Banks in Singapore phasing out OTP login for digital token users to combat scams


Major banks in Singapore will begin phasing out the use of one-time passwords (OTP) for bank account logins by customers who are digital token users.

These banks include DBS, OCBC, and UOB.

The move, which will be implemented within the next three months, will protect bank users against phishing scams, the Monetary Authority of Singapore (MAS) and the Association of Banks in Singapore (ABS) said in a press release on Tuesday (July 9).

Bank customers who are using physical tokens will not be affected.

Customers who have activated their digital token on their mobile device will have to use them for bank account logins via the browser or the mobile banking app, MAS and ABS said.

The digital token will authenticate customers’ logins without the need for an OTP, which scammers can steal or trick them into disclosing, they added.

“Customers who have not activated their digital tokens are strongly encouraged to do so to lower the risk of having their credentials phished,” MAS and ABS said.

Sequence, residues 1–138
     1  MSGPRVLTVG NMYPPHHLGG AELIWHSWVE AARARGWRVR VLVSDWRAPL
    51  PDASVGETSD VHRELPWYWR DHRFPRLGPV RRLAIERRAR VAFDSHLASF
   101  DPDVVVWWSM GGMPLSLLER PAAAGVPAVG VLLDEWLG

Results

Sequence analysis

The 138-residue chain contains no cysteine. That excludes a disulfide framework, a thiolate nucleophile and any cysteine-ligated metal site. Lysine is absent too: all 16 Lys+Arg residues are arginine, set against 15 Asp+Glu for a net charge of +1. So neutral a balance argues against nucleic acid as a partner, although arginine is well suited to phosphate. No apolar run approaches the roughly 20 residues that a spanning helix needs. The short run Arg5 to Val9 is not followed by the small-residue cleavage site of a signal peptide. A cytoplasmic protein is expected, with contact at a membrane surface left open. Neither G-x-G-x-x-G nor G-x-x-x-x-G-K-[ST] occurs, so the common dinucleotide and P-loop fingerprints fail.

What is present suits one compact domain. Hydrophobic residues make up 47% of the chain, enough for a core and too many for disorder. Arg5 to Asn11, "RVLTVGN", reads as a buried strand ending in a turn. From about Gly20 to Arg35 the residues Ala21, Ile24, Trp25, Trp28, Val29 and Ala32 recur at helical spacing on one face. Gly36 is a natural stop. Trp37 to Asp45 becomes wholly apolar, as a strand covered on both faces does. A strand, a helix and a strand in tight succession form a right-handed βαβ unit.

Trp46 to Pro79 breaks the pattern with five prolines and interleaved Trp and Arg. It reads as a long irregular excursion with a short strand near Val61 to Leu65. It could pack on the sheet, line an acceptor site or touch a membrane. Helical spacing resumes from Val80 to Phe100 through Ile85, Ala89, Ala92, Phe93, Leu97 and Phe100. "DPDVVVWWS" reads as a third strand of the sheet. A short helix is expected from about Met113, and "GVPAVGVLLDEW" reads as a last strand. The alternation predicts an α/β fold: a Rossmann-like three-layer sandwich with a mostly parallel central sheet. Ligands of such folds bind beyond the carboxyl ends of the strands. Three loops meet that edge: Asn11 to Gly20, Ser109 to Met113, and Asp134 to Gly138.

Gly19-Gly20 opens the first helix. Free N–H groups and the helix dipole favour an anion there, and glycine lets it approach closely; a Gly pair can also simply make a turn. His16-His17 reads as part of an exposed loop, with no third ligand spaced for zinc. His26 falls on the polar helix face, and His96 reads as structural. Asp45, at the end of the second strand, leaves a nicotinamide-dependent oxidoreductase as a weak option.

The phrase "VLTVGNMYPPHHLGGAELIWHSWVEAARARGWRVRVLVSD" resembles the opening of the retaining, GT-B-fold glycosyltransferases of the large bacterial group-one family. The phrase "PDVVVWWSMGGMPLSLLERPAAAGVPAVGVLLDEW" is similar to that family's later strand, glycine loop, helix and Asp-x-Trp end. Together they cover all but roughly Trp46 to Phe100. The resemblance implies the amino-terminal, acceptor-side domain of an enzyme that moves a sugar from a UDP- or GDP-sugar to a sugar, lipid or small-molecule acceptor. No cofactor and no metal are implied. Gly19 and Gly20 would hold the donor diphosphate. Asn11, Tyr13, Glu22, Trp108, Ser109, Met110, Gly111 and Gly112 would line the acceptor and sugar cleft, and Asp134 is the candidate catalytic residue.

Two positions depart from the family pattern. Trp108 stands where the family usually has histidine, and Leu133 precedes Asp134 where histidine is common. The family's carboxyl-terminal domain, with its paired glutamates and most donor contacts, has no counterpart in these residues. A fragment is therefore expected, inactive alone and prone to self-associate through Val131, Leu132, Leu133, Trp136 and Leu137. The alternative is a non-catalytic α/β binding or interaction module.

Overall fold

$14.2 million was lost to phishing scams last year.

Introduced in the 2000s, OTPs were seen as a multi-factor authentication option to strengthen online security.

But technological developments and more sophisticated social engineering tactics have since enabled scammers to phish for customers’ OTP, MAS, and ABS.

Phishing scams were among the top five ruses in Singapore last year, with at least $14.2 million lost, according to data released by the Singapore Police Force earlier this year.

“This latest measure will strengthen the authentication process, making it harder for scammers to fraudulently access a customer’s account and funds without the customer’s explicit authorization using his mobile device,” they added.

The director of ABS, Ong-Ang Ai Boon, said that while this measure may give rise to some inconvenience, it is necessary to help prevent scams and protect customers.

“MAS continues to work closely with banks to protect consumers by leaning hard against digital banking scams,” Loo Siew Yee, MAS’s assistant managing director (policy, payments, and financial crime), added.

“This latest measure will complement good cyber hygiene practices that customers must continue to practice, such as safeguarding their banking credentials.”


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